VBS for rural kids before the era of instant communication meant that for five days, we got to see our friends every day. It also meant loading up in the car with a friend after VBS and going to spend the night at their house. If you planned it right, you could have sleepovers every night of the week!
For Frankville area kids, the culmination of VBS meant getting to go to Bladon Springs State Park on Friday after our lessons. The adults grilled hotdogs and we rode our bikes that had been loaded onto a truck and brought to the park. It was seriously one of the absolute BEST days of summer! We dared each other to take a drink of the yellow-tinged, Sulphur spring water. I declined this challenge. We weren’t the only church that did this! My husband grew up in Coffeeville Baptist Church and has memories of doing this as well! Fun fact, we went to VBS together as children at Ulcanush Baptist Church in Coffeeville when we were kids! Both of our grandmothers were members there!
After sixth grade, we were considered “youth” and got to help with VBS. I am thankful for the memories I have of working VBS in many places. My favorite memories include teaching VBS in Birney, Mont. (population 108) when kids rode up to our outdoor classroom on their horses and tied them to whatever stationary objects they could find!
The way that VBS is done has changed through the years, but the mission has not. It’s still a time for crafts and music. It’s still a time for friends. It is still a time for students to learn about God and mission work.
Churches likely don’t load up kids and bicycles and give kids free rein at a state park anymore, but I am thankful I got to experience it.
One of my dearest friends had a storage unit at Red Dot Storage in Tillman’s Corner. If you’ve watched the news in the past two months, you are aware that a massive fire consumed the majority of the storage facility. Unfortunately, Becky’s unit was one of the heavily damaged ones. It was actually a total loss.
For two months, she waited to be given permission to return to the unit to assess the damage and collect anything that was salvageable. Last Thursday was the day that she put on steel-toed boots and work gloves to sift through the rubble. That rubble was to be her new beginning after she downsized her current home. Her idea was to put everything that she wanted to keep in the storage unit and then have an estate sale, knowing that every item that seriously mattered to her was a few miles away in climate-controlled storage.
She lost a lot. Pictures, jewelry, family heirlooms, antique furniture and childhood mementos were all lost. She did manage to find two advertisement plates that her grandfather used to promote his Birmingham law office in the 1940s. Somehow those plates and two ceramic figurines managed to survive a fire that was hot enough to melt a vintage Pyrex dish. She found a round marble top that had been on a coffee table. What was marble disintegrated when she touched it. There was hardware for dressers, but there were no dressers.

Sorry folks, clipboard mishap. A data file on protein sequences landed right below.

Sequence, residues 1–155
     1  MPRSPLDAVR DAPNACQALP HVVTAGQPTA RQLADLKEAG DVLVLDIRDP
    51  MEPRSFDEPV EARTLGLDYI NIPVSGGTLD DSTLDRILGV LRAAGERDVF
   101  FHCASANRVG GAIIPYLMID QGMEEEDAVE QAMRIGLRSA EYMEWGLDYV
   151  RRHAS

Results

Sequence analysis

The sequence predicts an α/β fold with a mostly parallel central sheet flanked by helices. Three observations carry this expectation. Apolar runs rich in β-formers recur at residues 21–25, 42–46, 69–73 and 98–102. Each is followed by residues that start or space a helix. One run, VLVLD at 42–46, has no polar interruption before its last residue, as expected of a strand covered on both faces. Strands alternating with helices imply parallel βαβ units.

I know that nothing is meant to last forever, but losing such precious things is traumatic and heartbreaking. I’ve never given much thought to storage units or the items and stories contained within until recently. Watching the news coverage of the ones who lost items due to the fire at Red Dot opened my eyes and made me think about things differently.
One of the things that I think is so important is backing photographs up digitally. I have been filling Facebook with photo albums for years and I will continue to do so. Google Photos and Walgreens are other methods I employ to secure my pictures, because pictures are my favorite things. Becky’s experience has made me think about old family pictures that aren’t digital. I really need to either scan them or take some quality pictures of those.
Although I realize the importance of documentation for work, for finances, for medical reasons and for my kids, I really have not considered how important it is to document belongings. Thankfully, she had extra insurance on the items in her unit. The problem is that she cannot remember every item that was in there. Attempting to list these items after the trauma of the fire has been problematic for her. Documenting items is easier now than it has ever been! Most of us just don’t do it! Electronic receipts show the amount that was paid for the items purchased. It is easy to take a cell phone video in various rooms of our homes to document the brands of electronics, appliances and furnishings that we own. It’s a good thought.
I cannot imagine what it is like to be forced to literally sift through the ashes of what was once your life. Some of you have been there. You know that heartbreak and that sense of loss. I’m sure you, like Becky, got a lot of well-intended advice that you did not seek. It’s easy to say things like, “Move forward” or “It’s just stuff” when it isn’t you that suffered a loss.
Walking through this time with my friend has reminded me that although nothing is meant to last forever, losing the things that matter still hurts. I’ve also been reminded to take stock of all the blessings, (but not just the material ones) I have been given on a regular basis.
Weekly columnist. Feature Writer.